I generally don’t like reality shows. Now, I will admit right up front that I have biases toward shows that employ actual writers, since I am a writer myself. I’d much rather watch one hour of Joss Whedon-crafted dialogue and story than one hour of some people buying wedding dresses or baking cakes. And I really have no interest in what I consider to be the borderline-child abuse of shows about kids’ beauty pageants and dance schools.
As I’ve mentioned in previous posts, I do watch Mythbusters and Top Gear on a regular basis, but I don’t consider them to be reality shows as such. One of them is a science series, and the other is more like an auto magazine for TV (only far funnier and more entertaining than your average car mag).
From what I can tell, though, my dislike of shows like American Idol, The Biggest Loser, and Project Runway puts me at odds with the taste of a great many people in the world. That’s okay. I’m used to it. I loved Firefly and Wonderfalls and Pushing Daisies and a bunch of other quirky shows that were cancelled because the general public didn’t embrace them.
And in all honesty, I can understand why some of these shows are popular. I liked the first two seasons of Survivor. The Amazing Race can be exciting and educational. As for The Voice and American Idol…well…people like singing? I don’t know. Something is keeping their ratings up.
Other shows, though, I absolutely do not get. What is the draw of the various Real Housewives series? Obviously they are popular and have multiplied like tribbles (yes, I went Trekkie instead of using the rabbit cliche), but WHY? Was watching one group of rich people not enough? Are the rich women of New Jersey that different than the rich women of Atlanta? Is it really that entertaining to watch a bunch of people who have more money than you ever will? Who is watching this stuff?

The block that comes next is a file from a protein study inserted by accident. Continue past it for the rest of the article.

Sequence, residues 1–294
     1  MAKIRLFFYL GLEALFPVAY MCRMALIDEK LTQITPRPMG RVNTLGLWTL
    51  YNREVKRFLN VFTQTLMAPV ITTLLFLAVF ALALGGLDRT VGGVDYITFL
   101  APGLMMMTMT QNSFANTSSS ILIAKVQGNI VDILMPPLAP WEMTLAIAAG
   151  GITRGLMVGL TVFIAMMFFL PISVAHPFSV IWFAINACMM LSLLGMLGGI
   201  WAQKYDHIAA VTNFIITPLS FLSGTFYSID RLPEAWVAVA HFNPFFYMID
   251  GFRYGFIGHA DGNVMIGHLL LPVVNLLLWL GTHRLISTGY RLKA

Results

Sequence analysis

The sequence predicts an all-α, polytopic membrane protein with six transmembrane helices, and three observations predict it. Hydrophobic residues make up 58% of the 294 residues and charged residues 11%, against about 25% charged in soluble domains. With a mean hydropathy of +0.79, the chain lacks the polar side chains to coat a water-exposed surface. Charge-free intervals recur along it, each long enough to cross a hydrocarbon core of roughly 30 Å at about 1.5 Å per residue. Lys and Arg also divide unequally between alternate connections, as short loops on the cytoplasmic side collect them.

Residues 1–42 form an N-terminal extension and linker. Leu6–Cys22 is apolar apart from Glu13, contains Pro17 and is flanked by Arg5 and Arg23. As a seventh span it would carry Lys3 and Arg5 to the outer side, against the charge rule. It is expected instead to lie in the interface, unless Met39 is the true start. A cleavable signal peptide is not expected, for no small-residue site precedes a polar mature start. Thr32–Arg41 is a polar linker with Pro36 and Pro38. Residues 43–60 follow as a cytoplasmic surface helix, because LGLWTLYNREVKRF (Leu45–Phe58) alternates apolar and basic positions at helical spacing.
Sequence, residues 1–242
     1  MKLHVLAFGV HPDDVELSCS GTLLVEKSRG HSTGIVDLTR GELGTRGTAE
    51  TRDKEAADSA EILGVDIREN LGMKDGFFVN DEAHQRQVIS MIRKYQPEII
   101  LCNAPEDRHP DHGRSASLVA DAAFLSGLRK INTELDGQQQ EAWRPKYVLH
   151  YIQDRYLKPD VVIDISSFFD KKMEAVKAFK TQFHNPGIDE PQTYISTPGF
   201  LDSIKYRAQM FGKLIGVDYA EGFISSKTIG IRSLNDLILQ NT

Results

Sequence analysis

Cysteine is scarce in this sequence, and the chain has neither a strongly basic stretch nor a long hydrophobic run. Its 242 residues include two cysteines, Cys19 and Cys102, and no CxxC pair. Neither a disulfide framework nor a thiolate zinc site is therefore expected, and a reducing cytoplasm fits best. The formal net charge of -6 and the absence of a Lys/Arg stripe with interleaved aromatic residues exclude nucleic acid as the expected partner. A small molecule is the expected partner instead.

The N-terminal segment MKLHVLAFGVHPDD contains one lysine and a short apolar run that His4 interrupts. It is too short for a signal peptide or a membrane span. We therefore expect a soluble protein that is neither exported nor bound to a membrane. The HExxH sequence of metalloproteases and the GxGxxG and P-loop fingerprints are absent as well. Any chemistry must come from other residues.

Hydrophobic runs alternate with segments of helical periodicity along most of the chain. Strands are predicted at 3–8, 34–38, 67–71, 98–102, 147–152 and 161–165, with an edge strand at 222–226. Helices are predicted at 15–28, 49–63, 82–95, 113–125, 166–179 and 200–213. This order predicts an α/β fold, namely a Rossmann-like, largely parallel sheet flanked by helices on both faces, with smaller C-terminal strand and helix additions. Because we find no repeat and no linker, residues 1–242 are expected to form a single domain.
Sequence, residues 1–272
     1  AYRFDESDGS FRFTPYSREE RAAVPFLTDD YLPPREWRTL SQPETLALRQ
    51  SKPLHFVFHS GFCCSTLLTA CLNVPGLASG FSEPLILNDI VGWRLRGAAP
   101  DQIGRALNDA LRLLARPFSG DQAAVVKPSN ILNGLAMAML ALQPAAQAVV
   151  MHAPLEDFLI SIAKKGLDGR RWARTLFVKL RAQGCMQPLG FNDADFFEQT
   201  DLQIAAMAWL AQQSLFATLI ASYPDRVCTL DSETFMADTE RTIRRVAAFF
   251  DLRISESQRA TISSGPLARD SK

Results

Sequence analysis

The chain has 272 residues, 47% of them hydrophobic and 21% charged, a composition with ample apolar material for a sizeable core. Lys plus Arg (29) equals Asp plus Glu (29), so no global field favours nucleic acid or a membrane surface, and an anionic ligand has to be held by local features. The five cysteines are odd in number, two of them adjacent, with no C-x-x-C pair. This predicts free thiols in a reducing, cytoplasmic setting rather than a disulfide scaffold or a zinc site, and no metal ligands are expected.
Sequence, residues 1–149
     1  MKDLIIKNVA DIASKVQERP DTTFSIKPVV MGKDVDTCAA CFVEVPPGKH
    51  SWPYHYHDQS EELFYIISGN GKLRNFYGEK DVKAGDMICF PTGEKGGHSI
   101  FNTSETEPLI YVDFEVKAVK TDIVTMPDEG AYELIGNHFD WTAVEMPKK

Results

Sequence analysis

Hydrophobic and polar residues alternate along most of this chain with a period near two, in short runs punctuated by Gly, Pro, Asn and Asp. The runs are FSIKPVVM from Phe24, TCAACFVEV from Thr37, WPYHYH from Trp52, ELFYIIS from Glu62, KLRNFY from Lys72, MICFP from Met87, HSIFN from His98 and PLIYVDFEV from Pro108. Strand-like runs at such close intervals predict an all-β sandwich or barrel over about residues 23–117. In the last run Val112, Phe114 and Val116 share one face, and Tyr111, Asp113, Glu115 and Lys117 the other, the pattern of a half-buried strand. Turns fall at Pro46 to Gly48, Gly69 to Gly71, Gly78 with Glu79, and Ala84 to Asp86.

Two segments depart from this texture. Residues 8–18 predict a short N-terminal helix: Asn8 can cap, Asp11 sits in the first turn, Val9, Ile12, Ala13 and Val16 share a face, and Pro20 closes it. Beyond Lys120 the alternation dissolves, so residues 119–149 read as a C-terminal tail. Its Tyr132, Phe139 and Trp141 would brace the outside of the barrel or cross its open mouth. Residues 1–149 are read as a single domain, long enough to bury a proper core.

I have a theory. It’s not a great theory, but it is a theory. These shows remind me of the soap operas like The Young and the Restless that my ex-wife used to watch (or maybe still watches), which seemed to be about nothing but the problems of the incredibly rich. Soap operas have been cancelled right and left in recent years due to low ratings. I have to wonder if the reason for this isn’t that the audience got bored and started watching something else. Maybe too much of the audience is now at work during the day, a move necessitated by the rough economic conditions of the last few years. These Real Housewives shows are basically the same type of thing, and they’re on at night. Also, they have the added luster of being “real” (a word I used in the heaviest quotation marks that I can, since reality shows tend to be incredibly scripted), which puts the people appearing on these shows into a weird place between being a character and a celebrity…or as close as America gets to royalty.
As I said, it’s a theory. I have no way to back it up. But the popularity of these shows is just one of many things that I have to admit that I do not understand.
And while I get the financial upside for the networks that produce reality shows (they are ridiculously cheap to make compared to a one-hour long drama series), I don’t understand why they bother putting them out on DVD afterwards. Who is saying “I want to watch that episode of Honey Boo Boo again and again!”? WHO? Why would anyone buy a season of Pawn Stars? “I just HAVE to own that episode where Rick told that guy his Civil War pistol was only worth three hundred bucks.”
Please. If someone in your life has purchased a season of a reality show, write me. Tell me why. Help me understand. Because right now, I absolutely do not get it.
@CmdrAJD on Twitter